We can’t know what the future holds; we can forecast and best guess but for many things there remains sufficient probability that we will be wrong. Having more money in savings than feels intuitively sensible is a hedge against being wrong.
In the years preceding the Great Depression Americans had just enjoyed the Roaring ’20s, a period of economic boom fuelled by innovation and consumerism. The stock market was riding high, until reality hit on Black Tuesday, 29th October 1929. From top to bottom, the US stock market lost nearly 90%. All but a small part of many Americans’ hopes and dreams gone in two and a half years. A lifetime to build up, a blink of an eye to lose.
Black swan events are those rare, unpredictable occurrences that shake humanity to its core. In living memory, there have been only a handful: two world wars, the Great Depression, the Credit Crunch and COVID19. An intellectual minority forecast these events in the abstract but the timing and effect shook the world when each happened.
By definition, we don’t know the nature of the next Black Swan event but preparing for it by having surplus savings provides insurance. This insulation avoids having to do the wrong thing at the wrong time. For retirees, this can also translate into giving up the flexibility of an invested portfolio to the less flexible but more secure annuity income.
Security, The Foundation of Risk
Paradoxically, the more secure a base, the greater the opportunity to take risks. When I set up my business in 2016 I didn’t know where my first client was coming from, I also had an 18-month-old son at the time. What provided me with the confidence to take the plunge was the comfort blanket of having built up sufficient savings and the knowledge if all else failed I could find a job. Without those two foundations I doubt I would have made the leap of faith and risked the business failing.
Anyone with a large amount in savings can afford to take additional risk with their invested assets. They know that if the markets go against them for a period of time they are able to ride out the downturn until the inevitable recovery. A large savings balance also provides the opportunity to react positively when these Black Swan events occur, to invest at bargain prices when everyone else is selling.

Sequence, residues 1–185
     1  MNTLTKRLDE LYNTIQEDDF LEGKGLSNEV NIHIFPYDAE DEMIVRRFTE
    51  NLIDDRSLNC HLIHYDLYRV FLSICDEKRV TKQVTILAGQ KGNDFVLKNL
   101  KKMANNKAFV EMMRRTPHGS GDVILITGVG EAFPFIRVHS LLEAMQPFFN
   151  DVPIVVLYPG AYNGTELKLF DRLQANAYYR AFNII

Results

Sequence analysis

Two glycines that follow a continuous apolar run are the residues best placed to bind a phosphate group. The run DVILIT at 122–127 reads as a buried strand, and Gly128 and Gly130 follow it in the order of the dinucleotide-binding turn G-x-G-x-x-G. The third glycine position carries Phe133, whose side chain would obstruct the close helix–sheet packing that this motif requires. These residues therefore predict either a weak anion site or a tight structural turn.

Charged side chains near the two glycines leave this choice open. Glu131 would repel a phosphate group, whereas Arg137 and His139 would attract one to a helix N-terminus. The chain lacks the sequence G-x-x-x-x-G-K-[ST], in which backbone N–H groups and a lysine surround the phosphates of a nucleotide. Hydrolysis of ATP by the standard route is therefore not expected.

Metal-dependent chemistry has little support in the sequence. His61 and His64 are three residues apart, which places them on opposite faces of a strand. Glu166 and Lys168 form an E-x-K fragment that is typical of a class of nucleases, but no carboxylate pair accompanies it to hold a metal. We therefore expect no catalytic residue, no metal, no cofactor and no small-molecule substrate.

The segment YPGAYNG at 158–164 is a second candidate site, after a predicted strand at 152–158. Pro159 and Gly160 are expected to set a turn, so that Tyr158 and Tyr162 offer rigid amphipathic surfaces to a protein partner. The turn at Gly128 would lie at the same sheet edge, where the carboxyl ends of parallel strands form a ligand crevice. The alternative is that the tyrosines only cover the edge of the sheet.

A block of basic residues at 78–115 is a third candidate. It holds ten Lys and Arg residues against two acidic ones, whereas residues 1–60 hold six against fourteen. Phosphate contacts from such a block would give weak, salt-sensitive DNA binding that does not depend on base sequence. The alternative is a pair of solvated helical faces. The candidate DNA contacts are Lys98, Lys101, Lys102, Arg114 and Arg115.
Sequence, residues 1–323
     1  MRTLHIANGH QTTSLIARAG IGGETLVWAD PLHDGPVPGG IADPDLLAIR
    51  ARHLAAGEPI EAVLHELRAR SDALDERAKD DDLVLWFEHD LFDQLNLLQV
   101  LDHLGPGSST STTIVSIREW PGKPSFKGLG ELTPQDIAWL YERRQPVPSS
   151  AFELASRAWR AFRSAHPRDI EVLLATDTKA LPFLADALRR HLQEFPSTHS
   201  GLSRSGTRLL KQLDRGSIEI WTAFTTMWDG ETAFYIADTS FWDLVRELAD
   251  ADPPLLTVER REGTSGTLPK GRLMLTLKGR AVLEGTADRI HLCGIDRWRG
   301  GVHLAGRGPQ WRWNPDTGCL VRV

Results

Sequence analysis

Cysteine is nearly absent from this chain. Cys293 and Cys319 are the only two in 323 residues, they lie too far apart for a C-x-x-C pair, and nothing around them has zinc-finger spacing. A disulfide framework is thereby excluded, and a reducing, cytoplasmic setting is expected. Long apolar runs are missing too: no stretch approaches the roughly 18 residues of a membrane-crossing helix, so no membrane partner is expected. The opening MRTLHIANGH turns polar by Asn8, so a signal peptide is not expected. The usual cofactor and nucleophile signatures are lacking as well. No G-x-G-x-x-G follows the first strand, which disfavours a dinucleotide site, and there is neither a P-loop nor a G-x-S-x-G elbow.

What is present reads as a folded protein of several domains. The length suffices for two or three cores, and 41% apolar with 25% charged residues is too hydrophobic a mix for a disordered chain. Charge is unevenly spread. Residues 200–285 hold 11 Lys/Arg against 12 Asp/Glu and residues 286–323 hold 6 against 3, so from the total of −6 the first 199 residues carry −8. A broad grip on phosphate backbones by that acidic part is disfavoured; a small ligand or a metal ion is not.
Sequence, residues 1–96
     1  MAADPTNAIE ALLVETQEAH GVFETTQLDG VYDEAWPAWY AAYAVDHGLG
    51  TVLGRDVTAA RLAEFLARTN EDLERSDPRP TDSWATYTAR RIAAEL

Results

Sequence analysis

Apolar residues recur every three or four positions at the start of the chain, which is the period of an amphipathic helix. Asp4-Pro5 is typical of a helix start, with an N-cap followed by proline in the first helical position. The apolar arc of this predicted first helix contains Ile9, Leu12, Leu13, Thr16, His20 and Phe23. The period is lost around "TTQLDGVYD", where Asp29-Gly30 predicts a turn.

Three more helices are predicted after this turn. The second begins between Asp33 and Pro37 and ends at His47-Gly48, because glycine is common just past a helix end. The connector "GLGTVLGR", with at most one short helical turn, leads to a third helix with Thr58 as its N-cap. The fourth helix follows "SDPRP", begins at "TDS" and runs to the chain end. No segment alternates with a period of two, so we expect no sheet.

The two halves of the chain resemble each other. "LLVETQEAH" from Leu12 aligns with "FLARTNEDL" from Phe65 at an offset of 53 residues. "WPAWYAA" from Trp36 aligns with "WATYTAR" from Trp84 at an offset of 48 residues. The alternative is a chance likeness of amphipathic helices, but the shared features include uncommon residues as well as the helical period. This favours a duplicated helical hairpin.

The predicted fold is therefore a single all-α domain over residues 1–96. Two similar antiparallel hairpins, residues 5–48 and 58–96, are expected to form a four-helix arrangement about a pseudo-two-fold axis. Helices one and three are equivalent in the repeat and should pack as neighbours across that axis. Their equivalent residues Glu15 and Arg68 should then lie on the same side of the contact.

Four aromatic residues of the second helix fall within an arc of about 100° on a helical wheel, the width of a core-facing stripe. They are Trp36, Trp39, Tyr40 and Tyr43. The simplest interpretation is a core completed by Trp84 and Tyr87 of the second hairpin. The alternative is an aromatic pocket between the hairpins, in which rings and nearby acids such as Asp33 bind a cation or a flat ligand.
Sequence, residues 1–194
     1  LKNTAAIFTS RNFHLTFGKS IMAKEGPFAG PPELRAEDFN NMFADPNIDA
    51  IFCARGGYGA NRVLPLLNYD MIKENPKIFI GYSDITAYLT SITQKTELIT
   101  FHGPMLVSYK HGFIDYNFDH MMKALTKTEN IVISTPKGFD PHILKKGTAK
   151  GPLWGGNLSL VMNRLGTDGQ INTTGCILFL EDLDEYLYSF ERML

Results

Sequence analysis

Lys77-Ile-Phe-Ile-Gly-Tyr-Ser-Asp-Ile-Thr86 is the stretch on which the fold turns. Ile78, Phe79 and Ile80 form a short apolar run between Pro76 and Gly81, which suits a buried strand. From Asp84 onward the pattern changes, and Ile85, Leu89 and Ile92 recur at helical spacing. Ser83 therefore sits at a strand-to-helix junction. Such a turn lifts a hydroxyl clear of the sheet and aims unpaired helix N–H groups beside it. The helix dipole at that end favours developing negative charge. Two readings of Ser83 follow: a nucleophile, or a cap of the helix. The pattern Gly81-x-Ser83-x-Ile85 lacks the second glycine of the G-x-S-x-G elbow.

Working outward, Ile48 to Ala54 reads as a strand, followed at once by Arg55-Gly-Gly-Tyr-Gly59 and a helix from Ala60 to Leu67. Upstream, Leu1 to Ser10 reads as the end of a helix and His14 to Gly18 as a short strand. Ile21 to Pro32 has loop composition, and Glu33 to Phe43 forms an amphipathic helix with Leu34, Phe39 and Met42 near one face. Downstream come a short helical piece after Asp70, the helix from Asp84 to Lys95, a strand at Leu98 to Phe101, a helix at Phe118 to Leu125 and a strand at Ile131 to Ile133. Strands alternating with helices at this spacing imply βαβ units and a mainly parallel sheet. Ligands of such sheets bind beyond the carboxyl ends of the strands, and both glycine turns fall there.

A Good Night’s Sleep
Money and emotions are conjoined. Whether it is fear, greed, pride or envy we all have an emotional attachment to money that shapes our decision-making and sense of financial wellbeing.
The technically correct advice to someone may be to invest a certain proportion of their money but if doing so causes them to worry more then should they do so? The financial planning purist may argue that our duty is to adopt the technically correct plan for the financial benefit of the client. It is our job to educate the less informed so that through new knowledge they cease worrying.
I’m unsure if that is the best approach. As I have explained to clients on many occasions if, after any of our interactions, they feel more worried I’ve not done my job properly. Is a better plan one that is technically perfect, and the client accepts with deference, if not full emotional commitment, or one that is less optimal but enables the client to sleep at night?
It is arguable both ways, but my preference is for a client who will sleep at night and has a plan that is mostly right.
With all this in mind, how much should you have in savings? My answer is enough to balance the three-legged stool of security, peace of mind and the confidence to do the optimal thing with the rest of your money.